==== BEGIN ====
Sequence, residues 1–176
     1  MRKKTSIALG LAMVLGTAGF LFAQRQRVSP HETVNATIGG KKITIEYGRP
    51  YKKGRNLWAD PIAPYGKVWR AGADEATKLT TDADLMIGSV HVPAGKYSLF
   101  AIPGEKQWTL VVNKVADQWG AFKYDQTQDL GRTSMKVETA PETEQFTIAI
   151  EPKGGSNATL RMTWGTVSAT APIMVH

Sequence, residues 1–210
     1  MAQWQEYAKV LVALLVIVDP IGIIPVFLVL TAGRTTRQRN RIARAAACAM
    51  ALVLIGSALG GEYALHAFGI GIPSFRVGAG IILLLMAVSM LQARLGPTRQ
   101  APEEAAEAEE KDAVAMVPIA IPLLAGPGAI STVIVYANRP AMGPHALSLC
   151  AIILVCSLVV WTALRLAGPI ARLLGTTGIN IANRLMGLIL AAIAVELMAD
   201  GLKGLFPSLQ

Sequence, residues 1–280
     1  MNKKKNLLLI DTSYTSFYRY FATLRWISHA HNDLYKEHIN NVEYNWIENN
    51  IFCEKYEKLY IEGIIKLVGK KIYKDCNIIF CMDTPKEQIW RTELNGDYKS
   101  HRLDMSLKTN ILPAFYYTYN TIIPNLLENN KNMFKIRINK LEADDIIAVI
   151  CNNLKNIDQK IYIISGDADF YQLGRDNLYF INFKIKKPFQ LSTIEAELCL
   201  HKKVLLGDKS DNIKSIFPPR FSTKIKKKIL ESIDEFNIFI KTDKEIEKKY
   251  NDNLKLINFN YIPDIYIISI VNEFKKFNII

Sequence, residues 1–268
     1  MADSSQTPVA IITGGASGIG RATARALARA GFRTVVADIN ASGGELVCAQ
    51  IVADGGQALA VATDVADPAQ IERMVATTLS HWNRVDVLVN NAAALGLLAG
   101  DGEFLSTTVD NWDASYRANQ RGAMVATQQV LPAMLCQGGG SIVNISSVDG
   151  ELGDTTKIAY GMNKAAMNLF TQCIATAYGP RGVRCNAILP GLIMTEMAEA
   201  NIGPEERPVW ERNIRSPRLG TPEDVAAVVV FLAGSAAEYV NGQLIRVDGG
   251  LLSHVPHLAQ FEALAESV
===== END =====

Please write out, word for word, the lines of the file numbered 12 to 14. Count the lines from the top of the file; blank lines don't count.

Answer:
Sequence, residues 1–280
     1  MNKKKNLLLI DTSYTSFYRY FATLRWISHA HNDLYKEHIN NVEYNWIENN
    51  IFCEKYEKLY IEGIIKLVGK KIYKDCNIIF CMDTPKEQIW RTELNGDYKS